Notes
May 21, 2020

Permanent Record

Edward Snowden
Reading Time: 7 Minutes

Snowden On Coding

  • All teenagers are hackers.

  • Hacking exists wherever rules do.

  • To hack a system is to get to know its rules better than the people who created it.

  • Humans are hardwired to recognise patterns.

  • To find what causes a system to collapse, you must start from the point where you spot the problem, and then trace the problem back logically.

  • Nothing inspires arrogance like a life spent controlling machines that can't criticise.

  • The major problem with creating a global disaster recovery system is that it involves a staggering number of computers dealing with duplicated data.

  • Math can accomplish what all the guns can't - keeping a secret.

  • If you figure out the right combinations, you can work miracles.

  • Become good enough to be dangerous.

  • If your input is flawed, your output will be flawed.

  • The psychological appeal of games is that the series of difficult challenges can be beaten.

  • Not even all the NSA's cryptanalysts using all the world's computing power put together could solve the 4096 and 8192-bit keys I used.

Snowden On Data

  • The most direct way of thinking about metadata is as 'activity data'.

  • An email's metadata might include; information about the computer, who it belongs to, where the email was generated, when it was generated and more.

  • The data we generate simply by living, enrich private enterprise and impoverish our private existence in equal measure.

  • To call some collected data 'relevant' because it might become relevant in the future was 'unprecedented and unwarranted'.

Snowden On Growth

  • To grow up is to realise that an increasingly unstoppable set of normalities have been imposed on you without your consent.

  • You should always let people underestimate you because when people underestimate your intelligence (and abilities), they're merely pointing out their vulnerabilities.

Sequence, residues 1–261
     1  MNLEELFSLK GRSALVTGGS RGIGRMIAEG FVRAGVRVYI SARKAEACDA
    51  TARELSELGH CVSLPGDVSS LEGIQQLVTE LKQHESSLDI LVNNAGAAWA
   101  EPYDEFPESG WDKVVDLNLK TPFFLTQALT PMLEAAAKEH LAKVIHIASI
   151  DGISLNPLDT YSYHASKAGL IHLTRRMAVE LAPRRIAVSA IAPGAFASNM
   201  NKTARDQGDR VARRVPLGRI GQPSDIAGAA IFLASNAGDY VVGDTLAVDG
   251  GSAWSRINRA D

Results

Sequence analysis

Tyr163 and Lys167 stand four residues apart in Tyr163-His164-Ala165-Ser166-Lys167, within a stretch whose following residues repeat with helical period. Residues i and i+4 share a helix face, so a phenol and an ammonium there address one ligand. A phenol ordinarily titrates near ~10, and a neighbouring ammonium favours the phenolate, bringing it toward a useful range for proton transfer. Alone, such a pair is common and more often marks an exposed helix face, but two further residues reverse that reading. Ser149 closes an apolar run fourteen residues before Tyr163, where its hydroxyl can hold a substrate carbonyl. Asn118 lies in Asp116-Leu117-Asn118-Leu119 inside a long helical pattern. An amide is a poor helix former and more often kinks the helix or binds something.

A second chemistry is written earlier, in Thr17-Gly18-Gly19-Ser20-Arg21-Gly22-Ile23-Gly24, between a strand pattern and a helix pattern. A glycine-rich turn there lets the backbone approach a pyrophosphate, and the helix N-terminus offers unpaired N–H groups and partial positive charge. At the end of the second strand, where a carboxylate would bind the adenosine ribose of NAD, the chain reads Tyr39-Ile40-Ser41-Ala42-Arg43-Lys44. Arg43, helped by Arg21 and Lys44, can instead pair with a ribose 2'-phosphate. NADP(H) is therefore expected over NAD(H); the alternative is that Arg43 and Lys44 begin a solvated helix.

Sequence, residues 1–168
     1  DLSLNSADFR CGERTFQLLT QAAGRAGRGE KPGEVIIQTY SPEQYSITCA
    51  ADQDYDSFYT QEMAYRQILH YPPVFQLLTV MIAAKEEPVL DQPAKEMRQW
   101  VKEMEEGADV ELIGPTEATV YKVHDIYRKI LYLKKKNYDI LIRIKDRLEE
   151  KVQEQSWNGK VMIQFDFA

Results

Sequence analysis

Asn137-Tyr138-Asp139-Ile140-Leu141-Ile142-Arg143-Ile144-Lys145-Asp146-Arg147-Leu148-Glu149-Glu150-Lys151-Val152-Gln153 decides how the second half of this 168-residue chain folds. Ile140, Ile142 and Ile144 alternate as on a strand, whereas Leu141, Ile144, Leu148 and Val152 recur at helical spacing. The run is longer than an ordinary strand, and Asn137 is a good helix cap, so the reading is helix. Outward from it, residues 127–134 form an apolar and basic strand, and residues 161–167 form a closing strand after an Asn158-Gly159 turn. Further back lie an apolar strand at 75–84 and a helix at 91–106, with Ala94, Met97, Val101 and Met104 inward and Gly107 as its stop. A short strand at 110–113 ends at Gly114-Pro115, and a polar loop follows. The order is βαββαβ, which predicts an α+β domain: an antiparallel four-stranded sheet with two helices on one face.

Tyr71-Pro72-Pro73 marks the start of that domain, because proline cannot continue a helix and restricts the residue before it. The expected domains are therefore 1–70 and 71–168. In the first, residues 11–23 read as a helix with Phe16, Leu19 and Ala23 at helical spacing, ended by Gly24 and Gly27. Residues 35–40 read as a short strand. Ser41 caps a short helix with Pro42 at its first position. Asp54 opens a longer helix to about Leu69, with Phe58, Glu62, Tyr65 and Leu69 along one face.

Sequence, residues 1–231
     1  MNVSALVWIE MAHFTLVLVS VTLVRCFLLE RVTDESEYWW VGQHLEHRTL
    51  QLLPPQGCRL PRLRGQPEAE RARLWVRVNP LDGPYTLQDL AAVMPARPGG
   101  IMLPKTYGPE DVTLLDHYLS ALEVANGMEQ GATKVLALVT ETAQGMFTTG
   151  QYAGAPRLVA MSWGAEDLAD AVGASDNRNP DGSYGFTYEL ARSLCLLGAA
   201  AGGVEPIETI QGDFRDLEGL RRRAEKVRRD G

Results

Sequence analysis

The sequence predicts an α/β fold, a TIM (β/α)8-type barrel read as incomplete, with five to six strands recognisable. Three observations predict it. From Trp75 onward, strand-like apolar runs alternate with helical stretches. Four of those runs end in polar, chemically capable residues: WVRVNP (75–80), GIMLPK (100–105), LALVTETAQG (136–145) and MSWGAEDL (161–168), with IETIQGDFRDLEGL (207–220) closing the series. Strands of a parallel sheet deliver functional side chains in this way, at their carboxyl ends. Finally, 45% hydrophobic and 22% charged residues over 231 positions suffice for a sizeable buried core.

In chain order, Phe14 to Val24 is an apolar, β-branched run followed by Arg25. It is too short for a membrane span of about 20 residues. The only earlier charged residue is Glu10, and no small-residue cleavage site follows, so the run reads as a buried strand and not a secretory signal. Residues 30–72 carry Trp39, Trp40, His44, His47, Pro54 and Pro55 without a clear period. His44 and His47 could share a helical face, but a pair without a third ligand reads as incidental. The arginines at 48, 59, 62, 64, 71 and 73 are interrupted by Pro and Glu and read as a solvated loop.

• You aren't really an adult until you bury a parent, or become one yourself.

  • The best account someone can ever give of themselves is a pledge - a pledge to the principles they value, and to the vision of whom they hope to become.

  • Dunbar estimated that you can only maintain 150~ meaningful relationships in life.

  • Say what you want. Say who you are. Never be ashamed.

  • Just be curious, and let the other person talk.

  • The best way to find something is to stop looking for it.

  • Nothing is more challenging than living with a secret that can't be spoken.

  • No matter the particular course the water travels from its source, it still ultimately arrives at the same destination.

  • I could hardly trust anyone, so I had to trust everyone.

  • The way to make people trustworthy is to trust them - Hemmingway.

Snowden On NSA Surveillance

  • FOXACID was the codename for the NSA servers that host malware versions of websites.

  • EGOTISTICALGIRAFFE was the NSA program intended to exploit a vulnerability in certain website browsers running Tor.

  • PRISM enabled the NSA to collect data from Microsoft, Google, Facebook, Apple and more. Data collection included; emails, photos, search engine queries and more.

  • PRISM was the codename for collection from the service of service providers.

  • UPSTREAM was the codename for direct collection from Internet infrastructure.

  • Imagine that you enter a URL into a browser. During its travel to the site, it will pass through TURBULENCE, one of the NSA's most potent weapons.

  • TURMOIL handles passive collection. You can think of this as a guard stationed at an invisible firewall through which traffic must pass. The traffic's metadata will be checked for selectors (at the NSA's discretion) which the NSA finds suspicious.

  • The president's surveillance program empowered the NSA to collect telephone and internet communications between the United States and abroad.

  • STELLAR WIND was the codename given for the bulk collection initiative.

  • TURBINE handles active collection. Your web request will be passed to TURBINE if it is marked as suspicious by TURMOIL. Then one of the agency's algorithms will decide which malware programs (exploits) to use against you.

  • OPTIC NERVE was the codename for GCHQ's (UK) program that saved a snapshot every five minutes on the cameras of peoples phones and more.

Snowden On Politics

  • Embassies serve as a platform for espionage.

  • Even the most advanced democracies were afraid of incurring the wrath of the US.

  • Any government that relies on surveillance to maintain control of its citizens has virtually ceased to be a democracy.

  • The freedom of a country can only be measured by its respect for its citizens' rights.

  • Something that can be devastating for the public is often beneficial for the elites.

  • What China is doing publicly to its own citizens, America might be doing secretly.

  • The Union Census of the Soviet Union (1926) had a secondary plan beyond a simple count, that being to overtly query Soviet citizens about their nationality.

  • Every language demonstrates its culture's relationship to power by how it chooses to define the act of disclosure.